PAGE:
In its response to the proposed minimum wage trade union, trade union Solidarity today said that the introduction of a higher minimum wage would seriously aggravate the conditions of the unemployed in South Africa.
In quater 3 of 2016 the number of the unemployed came to 9 million persons.
Senior researcher at the Solidarity Research Institute (SRI), Eugene Brink, pointed out that although Solidarity strongly supports fair remuneration for workers, it should not happen at the expense of employment.
“The implementation of the proposed minimum wage will increase labour costs as a whole, and as a consequence, businesses would employ fewer people in future. “In the end, the unemployed who can’t find jobs, as well as quite a number of working people who would eventually lose their jobs would pay for it,” Brink said.
According to Brink, the implementation of the minimum wage would further accelerate the process of mechanisation, which is gaining momentum as it is.
“There comes a time where labour would simply not be affordable anymore and it would be cheaper to invest in machines. Pick ‘n Pay is already experimenting with cashier-less tills. Those who stand to benefit from the minimum wage are the very ones whose jobs could be the first to be replaced by technology,” Brink explained.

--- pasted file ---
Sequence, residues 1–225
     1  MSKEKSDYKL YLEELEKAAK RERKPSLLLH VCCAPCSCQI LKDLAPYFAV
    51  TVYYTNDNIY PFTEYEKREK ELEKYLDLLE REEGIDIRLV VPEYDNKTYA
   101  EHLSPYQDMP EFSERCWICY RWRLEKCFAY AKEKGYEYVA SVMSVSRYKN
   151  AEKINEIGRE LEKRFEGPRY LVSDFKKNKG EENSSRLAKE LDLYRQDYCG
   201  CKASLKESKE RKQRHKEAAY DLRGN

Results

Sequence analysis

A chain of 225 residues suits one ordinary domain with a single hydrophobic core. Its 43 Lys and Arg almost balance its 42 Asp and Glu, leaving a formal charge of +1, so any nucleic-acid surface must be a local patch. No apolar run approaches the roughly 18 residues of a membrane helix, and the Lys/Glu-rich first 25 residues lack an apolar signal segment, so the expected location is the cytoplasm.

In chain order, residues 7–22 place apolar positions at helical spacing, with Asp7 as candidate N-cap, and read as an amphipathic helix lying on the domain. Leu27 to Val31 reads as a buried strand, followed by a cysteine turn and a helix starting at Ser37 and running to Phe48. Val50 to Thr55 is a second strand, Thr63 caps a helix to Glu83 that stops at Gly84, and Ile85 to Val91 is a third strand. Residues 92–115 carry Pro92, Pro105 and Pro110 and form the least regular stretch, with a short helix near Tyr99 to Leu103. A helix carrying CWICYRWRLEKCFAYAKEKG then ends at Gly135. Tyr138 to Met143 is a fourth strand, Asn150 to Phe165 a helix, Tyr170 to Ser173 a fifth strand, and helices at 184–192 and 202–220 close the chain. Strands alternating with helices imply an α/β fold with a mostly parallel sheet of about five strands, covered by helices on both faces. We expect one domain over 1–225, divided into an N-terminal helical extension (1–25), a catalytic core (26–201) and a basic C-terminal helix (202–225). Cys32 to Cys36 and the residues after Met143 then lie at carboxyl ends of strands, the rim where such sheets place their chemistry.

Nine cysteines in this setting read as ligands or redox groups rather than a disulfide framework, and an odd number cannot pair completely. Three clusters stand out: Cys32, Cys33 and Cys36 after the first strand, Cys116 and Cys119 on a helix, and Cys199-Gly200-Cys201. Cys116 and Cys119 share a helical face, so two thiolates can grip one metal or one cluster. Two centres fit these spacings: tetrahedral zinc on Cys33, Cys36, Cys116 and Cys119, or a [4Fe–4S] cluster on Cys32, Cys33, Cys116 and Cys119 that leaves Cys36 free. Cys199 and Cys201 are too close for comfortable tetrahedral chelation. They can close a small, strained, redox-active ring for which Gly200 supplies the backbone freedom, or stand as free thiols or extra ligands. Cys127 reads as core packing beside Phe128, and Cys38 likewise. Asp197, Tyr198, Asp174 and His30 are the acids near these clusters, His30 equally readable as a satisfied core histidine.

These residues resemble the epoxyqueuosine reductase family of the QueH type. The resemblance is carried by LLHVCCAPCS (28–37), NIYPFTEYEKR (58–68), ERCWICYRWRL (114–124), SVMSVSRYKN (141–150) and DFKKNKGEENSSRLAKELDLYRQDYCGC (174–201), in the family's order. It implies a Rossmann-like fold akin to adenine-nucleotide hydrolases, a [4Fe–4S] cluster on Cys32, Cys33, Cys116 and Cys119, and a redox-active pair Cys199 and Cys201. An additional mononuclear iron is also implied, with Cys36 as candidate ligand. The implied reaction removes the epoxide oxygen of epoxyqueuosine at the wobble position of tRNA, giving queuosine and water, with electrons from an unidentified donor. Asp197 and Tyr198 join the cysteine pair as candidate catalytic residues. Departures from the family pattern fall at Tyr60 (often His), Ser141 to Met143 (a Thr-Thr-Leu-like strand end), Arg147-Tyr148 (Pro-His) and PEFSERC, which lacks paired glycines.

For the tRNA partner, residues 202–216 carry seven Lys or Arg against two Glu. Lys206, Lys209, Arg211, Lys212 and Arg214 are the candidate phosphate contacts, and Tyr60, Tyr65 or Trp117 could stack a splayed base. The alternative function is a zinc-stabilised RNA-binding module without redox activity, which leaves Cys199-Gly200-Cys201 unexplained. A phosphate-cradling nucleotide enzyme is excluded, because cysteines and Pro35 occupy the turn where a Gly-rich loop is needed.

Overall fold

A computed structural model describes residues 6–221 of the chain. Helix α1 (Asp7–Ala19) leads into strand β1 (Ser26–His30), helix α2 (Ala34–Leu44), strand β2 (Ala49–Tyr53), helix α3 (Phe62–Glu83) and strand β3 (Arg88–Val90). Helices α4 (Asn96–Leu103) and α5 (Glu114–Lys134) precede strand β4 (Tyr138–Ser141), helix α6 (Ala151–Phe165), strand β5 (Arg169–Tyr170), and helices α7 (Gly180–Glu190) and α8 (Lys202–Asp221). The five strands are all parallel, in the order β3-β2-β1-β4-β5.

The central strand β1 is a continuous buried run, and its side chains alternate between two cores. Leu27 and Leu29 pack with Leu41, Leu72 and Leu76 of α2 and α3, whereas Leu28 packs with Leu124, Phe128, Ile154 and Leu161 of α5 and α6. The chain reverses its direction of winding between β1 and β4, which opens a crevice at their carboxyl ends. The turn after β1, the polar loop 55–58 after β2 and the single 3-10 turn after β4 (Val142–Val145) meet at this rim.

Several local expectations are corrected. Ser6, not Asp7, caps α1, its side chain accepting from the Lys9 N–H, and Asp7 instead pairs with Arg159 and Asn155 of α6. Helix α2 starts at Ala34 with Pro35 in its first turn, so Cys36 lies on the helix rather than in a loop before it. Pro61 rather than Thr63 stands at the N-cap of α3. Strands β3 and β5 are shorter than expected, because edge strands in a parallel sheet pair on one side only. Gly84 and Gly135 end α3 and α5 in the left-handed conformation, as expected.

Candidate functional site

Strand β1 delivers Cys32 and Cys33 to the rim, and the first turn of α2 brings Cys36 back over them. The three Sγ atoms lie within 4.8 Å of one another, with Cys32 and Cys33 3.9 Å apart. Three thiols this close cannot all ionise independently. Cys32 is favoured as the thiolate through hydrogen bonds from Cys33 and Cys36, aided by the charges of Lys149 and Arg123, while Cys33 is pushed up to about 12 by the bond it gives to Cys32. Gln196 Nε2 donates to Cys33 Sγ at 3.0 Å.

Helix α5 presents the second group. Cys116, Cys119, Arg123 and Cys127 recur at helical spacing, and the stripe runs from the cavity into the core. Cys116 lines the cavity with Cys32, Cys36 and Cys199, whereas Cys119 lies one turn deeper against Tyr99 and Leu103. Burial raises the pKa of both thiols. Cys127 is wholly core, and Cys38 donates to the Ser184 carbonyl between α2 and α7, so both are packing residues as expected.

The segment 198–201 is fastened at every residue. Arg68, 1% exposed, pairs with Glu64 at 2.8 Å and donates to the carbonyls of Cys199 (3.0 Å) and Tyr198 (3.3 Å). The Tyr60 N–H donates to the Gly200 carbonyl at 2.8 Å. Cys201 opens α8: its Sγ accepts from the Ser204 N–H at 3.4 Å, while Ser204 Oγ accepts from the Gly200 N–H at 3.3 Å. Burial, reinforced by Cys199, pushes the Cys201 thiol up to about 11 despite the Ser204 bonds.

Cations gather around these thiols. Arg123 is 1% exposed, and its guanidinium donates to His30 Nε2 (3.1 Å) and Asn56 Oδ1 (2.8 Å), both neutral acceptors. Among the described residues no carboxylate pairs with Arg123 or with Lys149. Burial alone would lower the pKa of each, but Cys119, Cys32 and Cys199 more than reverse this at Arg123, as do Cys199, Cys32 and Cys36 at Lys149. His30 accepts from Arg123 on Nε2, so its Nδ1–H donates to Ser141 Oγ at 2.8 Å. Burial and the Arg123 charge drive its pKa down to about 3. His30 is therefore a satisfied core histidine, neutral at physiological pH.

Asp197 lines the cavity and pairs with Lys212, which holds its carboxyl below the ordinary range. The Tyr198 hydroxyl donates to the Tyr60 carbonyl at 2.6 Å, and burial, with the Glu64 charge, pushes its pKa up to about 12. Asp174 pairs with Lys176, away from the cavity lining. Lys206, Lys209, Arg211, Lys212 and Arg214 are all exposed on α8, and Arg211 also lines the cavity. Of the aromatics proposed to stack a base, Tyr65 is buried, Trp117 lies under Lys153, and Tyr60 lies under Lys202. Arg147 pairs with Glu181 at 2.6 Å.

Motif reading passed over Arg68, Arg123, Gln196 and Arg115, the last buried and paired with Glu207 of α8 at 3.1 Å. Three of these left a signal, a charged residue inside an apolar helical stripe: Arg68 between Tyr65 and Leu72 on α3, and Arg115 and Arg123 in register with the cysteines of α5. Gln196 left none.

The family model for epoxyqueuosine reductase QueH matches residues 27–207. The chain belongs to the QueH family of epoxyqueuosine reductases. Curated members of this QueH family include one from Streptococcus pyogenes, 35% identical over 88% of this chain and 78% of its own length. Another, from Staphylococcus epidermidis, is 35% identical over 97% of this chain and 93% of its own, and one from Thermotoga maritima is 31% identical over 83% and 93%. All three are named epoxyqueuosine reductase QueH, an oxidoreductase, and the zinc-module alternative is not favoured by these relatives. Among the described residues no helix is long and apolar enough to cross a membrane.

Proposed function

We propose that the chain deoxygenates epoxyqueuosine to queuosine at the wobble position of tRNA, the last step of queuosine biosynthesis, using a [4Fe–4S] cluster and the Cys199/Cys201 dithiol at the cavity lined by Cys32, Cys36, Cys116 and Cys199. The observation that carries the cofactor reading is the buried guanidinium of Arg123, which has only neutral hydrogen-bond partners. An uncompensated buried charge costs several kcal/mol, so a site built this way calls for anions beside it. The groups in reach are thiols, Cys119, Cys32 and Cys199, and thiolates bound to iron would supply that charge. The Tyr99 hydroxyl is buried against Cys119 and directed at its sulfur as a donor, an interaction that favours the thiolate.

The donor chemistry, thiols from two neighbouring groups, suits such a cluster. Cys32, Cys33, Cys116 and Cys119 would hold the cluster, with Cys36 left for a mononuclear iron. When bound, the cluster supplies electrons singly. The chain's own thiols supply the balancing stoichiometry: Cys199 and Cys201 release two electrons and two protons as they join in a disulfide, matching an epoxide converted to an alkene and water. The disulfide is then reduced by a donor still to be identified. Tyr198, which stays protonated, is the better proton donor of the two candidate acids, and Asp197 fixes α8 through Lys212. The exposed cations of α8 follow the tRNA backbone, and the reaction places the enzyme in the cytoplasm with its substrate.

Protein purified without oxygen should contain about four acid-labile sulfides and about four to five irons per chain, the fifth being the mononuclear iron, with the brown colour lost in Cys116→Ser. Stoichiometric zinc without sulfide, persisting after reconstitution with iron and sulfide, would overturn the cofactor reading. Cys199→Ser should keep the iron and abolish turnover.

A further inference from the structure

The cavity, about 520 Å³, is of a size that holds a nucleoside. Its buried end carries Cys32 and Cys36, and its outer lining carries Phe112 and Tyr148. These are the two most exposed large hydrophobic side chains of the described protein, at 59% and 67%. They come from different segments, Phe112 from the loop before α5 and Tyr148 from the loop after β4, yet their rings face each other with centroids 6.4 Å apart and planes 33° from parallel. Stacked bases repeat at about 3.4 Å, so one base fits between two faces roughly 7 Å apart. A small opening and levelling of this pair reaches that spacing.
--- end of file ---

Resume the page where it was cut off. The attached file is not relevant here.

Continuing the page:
Brink also makes the point that the minimum wage is yet another form of increasing economic interventionism that would further cripple the formal private sector and would deny people the right to make voluntary choices when it comes to remuneration, employment and appointments.
“Smaller businesses will be especially hard hit, as well as those workers who simply want to get a foot in the door somewhere in the labour market and who are prepared to work for less than the minimum wage. At the same time, it would simply aggravate bureaucratic red tape in the labour market.
According to Brink, the issue of a minimum wage has now simply become a political football by which political parties and populist trade unions seek to attract voters with unrealistic promises that create expectations.
“In these economic times, we should make every effort to improve job creation. A higher minimum wage will achieve the opposite. The best way to increase your income is to expand your skills and increase your productivity. This applies to the individual and the country as a whole,” Brink concluded.